Bayer CropScience: verdict in Arkansas biotech rice trial incomprehensible
In addition to the compensatory damages, the jury awarded punitive damages in the amount of $42 million. According to U.S. law, punitive damages may be awarded to plaintiffs in addition to compensatory damages if the defendant has acted in reckless disregard of the consequences. “This decision is especially incomprehensible to us, because the U.S. Department of Agriculture has completed a thorough and diligent investigation without concluding that Bayer CropScience violated any legal requirement with respect to low-level presence of genetically engineered rice in commercial rice. To insinuate a malicious act by Bayer in this case is completely unjustified,” said Mackintosh. Bayer CropScience has acted responsibly and appropriately at all times in the handling of its genetically enhanced rice.
“Furthermore, the amount awarded to the plaintiffs by the jury exceeds by far what is permitted by Arkansas law,” said Mackintosh. For that reason alone the verdict should be reversed, he added.
Genetically modified rice safe for human consumption
In the litigation the rice farmers have alleged economic loss stemming from traces of Bayer CropScience pre-commercial genetically enhanced rice. The traces were detected in 2006 from the long grain harvest of 2005. Following the detection some countries, primarily in Europe, imposed restrictions on U.S. long-grain rice imports. Most long-grain rice grown in the United States is consumed outside of Europe and thus the marketing of that portion of the crop remained unaffected by the European regulatory system.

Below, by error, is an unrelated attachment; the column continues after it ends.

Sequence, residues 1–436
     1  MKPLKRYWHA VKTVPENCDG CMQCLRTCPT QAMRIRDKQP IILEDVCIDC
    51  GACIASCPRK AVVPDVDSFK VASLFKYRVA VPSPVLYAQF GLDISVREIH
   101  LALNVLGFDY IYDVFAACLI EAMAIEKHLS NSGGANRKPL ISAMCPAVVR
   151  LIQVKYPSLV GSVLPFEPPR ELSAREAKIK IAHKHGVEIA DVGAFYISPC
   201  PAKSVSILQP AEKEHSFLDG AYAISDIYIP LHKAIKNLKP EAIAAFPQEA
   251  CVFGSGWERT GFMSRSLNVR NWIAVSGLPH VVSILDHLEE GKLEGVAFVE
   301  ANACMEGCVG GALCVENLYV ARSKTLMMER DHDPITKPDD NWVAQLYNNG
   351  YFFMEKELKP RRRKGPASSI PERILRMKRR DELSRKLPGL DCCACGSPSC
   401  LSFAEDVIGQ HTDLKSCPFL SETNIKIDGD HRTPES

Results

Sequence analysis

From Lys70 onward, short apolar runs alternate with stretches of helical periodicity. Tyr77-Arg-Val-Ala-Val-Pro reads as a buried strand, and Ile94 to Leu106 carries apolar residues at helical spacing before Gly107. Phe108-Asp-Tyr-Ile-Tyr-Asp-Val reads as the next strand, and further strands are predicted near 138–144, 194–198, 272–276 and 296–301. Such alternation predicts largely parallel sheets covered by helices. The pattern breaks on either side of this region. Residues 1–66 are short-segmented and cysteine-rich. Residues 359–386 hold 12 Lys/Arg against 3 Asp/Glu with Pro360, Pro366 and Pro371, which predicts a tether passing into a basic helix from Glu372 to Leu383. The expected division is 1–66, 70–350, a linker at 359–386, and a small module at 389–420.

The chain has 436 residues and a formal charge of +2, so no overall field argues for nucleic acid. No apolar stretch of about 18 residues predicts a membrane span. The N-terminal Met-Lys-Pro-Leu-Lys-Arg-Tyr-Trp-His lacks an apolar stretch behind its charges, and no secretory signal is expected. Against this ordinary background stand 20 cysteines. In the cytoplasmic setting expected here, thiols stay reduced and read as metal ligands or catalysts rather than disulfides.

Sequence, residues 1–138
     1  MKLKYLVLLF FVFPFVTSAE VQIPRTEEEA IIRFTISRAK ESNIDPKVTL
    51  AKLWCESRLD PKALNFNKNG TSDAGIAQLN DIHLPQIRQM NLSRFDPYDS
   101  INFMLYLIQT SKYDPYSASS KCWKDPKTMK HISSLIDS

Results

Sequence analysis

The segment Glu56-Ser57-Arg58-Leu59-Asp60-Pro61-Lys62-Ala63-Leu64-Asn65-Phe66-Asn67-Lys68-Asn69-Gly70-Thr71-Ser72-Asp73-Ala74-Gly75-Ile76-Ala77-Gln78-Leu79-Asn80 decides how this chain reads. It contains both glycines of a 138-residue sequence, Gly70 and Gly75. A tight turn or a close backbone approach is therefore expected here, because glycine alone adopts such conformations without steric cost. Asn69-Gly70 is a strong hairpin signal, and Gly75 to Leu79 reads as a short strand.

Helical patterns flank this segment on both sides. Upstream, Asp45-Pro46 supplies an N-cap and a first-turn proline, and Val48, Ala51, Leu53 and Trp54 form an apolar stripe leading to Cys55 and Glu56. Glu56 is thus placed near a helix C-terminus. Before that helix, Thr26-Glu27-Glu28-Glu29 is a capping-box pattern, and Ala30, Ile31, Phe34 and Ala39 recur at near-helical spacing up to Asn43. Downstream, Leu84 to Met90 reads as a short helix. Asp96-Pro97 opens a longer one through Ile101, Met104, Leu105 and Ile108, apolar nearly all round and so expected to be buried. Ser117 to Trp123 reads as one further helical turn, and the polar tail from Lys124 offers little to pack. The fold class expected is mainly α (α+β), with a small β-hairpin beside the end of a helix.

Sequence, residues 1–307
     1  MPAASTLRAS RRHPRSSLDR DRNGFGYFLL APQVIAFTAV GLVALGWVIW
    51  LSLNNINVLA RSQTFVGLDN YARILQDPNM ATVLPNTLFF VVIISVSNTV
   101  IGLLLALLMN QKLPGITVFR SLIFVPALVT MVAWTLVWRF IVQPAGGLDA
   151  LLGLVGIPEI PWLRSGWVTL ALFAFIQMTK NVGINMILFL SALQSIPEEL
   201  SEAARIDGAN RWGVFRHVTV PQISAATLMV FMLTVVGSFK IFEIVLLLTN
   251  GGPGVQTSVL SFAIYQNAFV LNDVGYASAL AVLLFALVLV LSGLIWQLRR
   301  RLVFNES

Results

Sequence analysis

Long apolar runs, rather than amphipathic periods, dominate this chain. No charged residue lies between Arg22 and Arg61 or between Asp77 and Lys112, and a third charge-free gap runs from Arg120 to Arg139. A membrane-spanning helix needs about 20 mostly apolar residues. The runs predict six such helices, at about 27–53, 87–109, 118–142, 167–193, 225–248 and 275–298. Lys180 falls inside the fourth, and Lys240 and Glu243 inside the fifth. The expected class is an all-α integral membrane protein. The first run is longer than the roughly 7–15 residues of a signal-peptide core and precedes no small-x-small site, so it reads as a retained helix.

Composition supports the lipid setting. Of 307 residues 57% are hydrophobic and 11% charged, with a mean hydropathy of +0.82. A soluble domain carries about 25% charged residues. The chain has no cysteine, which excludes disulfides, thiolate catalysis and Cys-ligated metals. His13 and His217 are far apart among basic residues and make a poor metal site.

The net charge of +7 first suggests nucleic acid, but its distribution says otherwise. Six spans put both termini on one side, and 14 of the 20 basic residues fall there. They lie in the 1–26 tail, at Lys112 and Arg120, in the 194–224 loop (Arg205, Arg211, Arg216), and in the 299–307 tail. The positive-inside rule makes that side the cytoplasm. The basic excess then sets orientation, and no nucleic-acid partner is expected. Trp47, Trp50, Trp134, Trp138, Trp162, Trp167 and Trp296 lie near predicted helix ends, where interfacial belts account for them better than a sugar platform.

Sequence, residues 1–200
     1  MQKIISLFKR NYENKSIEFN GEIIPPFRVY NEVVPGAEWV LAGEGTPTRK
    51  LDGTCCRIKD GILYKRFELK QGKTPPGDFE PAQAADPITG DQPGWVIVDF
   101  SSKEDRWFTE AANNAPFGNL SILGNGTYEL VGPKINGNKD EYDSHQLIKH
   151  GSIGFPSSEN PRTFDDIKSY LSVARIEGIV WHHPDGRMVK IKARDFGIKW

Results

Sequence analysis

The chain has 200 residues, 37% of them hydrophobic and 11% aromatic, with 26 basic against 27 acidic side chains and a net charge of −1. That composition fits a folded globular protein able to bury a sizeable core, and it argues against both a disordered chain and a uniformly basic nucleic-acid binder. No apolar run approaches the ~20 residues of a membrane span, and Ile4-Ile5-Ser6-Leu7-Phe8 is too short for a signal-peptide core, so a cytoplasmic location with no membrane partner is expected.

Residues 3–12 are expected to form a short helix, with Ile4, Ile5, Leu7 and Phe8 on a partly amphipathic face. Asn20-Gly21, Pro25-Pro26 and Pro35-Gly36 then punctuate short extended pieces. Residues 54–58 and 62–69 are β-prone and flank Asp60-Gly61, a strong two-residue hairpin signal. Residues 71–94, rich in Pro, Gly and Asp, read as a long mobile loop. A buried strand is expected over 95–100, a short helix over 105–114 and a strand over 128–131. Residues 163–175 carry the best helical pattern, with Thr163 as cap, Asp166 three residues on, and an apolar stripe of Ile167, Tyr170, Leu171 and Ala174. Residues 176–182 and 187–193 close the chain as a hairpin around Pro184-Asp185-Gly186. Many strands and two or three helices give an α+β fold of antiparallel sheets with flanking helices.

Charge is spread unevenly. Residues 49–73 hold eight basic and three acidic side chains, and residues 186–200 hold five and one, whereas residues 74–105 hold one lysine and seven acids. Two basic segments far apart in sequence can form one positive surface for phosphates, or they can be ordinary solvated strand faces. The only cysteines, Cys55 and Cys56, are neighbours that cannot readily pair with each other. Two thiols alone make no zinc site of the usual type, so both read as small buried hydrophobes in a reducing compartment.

The traces of biotech rice posed no food safety issues. The protein involved, which makes the rice tolerant to a herbicide, has been affirmed safe for various crops by regulators in a number of countries, including Canada, the European Union, Japan and the United States. The U.S. Food and Drug Administration and U.S. Department of Agriculture have determined Bayer CropScience biotech rice to be safe for human consumption; however, Bayer CropScience has not yet commercialized biotech rice.
Regarding the rice litigation, Mackintosh added: “Bayer CropScience is willing to work with those parties who approach discussions of economic loss in the genetically enhanced rice matter with an appropriate and reasonable frame of reference. Our recent settlement with Riviana Foods and four related companies for $5.8 million attests to our willingness to consider such opportunities to bring an end to litigation.”
About Bayer CropScience
Bayer is a global enterprise with core competencies in the fields of health care, nutrition and high-tech materials. Bayer CropScience AG, a subsidiary of Bayer AG with annual sales of about EUR 6.5 billion (2009), is one of the world’s leading innovative crop science companies in the areas of crop protection, non-agricultural pest control, seeds and traits. The company offers an outstanding range of products and extensive service backup for modern, sustainable agriculture and for non-agricultural applications. Bayer CropScience has a global workforce of 18,700 and is represented in more than 120 countries. This and further news is available at: www.press.bayercropscience.com.
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